What Medical Dosimetrists Do

Using CT scans and sometimes MRI and PET scanners, medical dosimetrists design an individualized plan of treatment for cancer patients who have been prescribed radiation therapy by their oncologist. They use computer sciences and mathematics to calculate an appropriate dosage and position for the treatment and communicate with the patient's oncologist to have the plan of treatment approved. To prevent the surrounding tissue from experiencing the same cellular death as the cancerous cells, the radiation therapist positions the patient in the most advantageous way possible, and multiple beams of radiation are focused on the patient from different angles. The beams intersect on the cancerous cells, allowing for a higher concentration of radiation right where it is needed.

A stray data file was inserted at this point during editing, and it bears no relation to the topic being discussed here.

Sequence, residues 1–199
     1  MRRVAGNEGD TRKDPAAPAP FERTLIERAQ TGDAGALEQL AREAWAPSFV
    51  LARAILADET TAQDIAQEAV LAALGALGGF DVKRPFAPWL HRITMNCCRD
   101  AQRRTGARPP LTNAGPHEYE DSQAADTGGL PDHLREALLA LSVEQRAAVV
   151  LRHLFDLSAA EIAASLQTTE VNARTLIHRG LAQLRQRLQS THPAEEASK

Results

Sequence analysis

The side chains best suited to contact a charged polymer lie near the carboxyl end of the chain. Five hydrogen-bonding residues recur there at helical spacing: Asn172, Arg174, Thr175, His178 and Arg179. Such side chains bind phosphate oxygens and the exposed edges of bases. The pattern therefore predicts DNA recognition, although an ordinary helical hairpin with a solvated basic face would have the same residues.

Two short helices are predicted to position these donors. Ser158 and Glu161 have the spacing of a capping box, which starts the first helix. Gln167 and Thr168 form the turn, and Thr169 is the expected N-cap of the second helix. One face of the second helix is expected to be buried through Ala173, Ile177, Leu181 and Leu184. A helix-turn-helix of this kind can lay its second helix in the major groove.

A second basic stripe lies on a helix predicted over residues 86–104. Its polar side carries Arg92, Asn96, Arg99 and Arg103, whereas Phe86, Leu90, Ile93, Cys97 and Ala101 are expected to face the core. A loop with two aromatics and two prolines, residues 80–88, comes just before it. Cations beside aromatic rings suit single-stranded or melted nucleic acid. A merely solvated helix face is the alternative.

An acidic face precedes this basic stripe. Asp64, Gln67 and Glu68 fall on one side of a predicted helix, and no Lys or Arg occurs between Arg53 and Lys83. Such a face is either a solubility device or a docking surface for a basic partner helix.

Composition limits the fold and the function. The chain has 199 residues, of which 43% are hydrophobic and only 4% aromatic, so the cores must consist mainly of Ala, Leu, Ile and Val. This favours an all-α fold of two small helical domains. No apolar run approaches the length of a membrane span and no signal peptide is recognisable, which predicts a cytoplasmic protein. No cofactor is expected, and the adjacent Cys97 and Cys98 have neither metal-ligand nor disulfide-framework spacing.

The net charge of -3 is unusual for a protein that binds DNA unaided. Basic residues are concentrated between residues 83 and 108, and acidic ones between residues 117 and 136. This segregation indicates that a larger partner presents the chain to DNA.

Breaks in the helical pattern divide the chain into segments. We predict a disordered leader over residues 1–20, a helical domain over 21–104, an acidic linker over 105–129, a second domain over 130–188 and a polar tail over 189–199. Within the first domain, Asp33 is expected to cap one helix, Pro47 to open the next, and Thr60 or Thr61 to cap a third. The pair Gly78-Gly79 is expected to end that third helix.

Types of Work Environments

  • Hospitals
  • Research laboratories
  • Applications and sales departments for radiological oncology vendors

Education and Training Requirements

Most formal education programs that train medical dosimetrists require applicants to be registered radiation therapists or to have a bachelor's degree with a physical science component. Most programs grant dosimetrists a certificate, however, some programs offer a Bachelor of Science or Master of Science with a focus in dosimetry. In some situations, on the job training may be possible for radiation therapists looking to become medical dosimetrists.


According to salary.com, the median salary for medical dosimetrists is $132,803 per year.

Professional Organization

The American Association of Medical Dosimetrists

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